This is the height of foolishness, I realize, in that every bit of work I do is on the computer. But I persisted. I was determined to make this car run even if ALL the tires came off!
On Monday of last week, my computer had finally had enough. In one last gasp of glowing tribute to many tortuous years of hard labor, my PC signed off for the last time. There was no flash of light, no automated goodbye (indeed, the speakers had blinked out long ago); it simply shut itself off with a tiny click and we were done. I had spent so many long hours tapping away on its keyboard and looking into the face of the beast that I myself -- my very brain -- became frozen, as my computer's brain had so many times before. All of those files! All of those photos! Poof! Gone! And not even with a puff of smoke.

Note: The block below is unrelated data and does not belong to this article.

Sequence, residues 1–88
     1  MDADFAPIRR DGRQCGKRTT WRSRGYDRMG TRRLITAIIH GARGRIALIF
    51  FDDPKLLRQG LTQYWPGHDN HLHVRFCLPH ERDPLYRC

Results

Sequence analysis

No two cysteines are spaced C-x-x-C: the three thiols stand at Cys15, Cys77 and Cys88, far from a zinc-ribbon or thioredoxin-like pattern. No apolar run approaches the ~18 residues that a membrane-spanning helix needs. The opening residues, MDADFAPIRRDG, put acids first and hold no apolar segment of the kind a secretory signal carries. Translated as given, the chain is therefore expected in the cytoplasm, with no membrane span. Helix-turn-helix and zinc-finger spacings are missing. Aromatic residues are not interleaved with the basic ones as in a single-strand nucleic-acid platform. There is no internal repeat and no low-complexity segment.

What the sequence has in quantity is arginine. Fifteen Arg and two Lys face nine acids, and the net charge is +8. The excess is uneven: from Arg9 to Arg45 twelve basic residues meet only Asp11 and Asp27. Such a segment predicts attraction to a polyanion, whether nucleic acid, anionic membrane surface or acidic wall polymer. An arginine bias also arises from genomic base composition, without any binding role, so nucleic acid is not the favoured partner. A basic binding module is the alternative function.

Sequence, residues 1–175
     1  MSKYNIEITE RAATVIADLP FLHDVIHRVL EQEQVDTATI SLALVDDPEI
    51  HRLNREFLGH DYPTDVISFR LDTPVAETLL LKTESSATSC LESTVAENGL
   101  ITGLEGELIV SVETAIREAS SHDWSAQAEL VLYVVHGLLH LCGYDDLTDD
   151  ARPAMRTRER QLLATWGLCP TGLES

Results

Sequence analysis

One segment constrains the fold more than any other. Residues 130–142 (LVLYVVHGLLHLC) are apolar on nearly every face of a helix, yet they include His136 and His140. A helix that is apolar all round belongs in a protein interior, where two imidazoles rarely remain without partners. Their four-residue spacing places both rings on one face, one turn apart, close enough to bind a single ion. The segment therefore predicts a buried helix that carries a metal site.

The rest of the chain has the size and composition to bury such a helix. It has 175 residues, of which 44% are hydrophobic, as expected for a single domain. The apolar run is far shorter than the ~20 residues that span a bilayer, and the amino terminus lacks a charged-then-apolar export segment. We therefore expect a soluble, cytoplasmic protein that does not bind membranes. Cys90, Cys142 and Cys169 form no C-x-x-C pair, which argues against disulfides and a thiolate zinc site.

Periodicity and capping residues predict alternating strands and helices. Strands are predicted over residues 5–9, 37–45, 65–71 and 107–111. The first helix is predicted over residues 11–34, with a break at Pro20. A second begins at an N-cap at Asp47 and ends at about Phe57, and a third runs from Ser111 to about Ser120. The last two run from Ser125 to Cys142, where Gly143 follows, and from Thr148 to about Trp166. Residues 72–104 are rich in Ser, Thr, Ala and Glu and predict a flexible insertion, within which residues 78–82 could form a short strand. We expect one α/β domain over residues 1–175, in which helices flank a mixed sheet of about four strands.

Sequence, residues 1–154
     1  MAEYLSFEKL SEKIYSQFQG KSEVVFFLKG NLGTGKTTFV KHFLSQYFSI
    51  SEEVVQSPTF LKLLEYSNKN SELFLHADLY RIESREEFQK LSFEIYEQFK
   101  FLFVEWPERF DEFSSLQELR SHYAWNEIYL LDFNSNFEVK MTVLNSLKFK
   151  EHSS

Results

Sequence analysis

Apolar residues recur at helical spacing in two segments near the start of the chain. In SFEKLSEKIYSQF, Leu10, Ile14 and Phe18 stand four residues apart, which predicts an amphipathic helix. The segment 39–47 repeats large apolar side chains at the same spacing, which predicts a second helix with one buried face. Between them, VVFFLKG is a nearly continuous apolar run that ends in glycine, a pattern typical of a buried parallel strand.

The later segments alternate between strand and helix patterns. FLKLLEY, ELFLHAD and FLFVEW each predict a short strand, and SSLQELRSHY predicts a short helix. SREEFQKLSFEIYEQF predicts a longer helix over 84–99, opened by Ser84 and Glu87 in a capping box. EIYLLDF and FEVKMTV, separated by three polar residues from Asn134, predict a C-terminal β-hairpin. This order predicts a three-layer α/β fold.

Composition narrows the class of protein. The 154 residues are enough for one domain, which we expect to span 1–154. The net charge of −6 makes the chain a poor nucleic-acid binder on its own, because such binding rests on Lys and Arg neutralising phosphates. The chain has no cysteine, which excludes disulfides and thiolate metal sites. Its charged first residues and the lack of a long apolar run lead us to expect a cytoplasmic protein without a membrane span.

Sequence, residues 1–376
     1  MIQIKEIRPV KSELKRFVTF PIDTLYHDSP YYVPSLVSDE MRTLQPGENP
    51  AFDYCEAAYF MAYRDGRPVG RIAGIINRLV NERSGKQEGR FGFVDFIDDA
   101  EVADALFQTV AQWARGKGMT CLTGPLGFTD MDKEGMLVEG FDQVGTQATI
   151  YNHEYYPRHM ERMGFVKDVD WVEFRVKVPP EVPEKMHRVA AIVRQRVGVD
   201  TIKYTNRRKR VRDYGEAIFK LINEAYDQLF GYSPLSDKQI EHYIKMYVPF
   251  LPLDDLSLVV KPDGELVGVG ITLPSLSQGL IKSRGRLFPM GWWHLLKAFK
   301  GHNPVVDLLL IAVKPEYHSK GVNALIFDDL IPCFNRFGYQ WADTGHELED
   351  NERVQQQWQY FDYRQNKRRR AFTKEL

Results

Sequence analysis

My first frantic act was to call the local computer guy, who said he could scan the hard drive and retrieve my files. The second was to jump into the car and speed to the store. In less than an hour I was considerably poorer but oh-so-much happier. Like being on that exhilarating first date, I sat staring at my new beloved. Plugged it in, touched the on button, and voila! I'm in another world, one where programs don't freeze and I have sound. Bliss! Skipping heartbeat!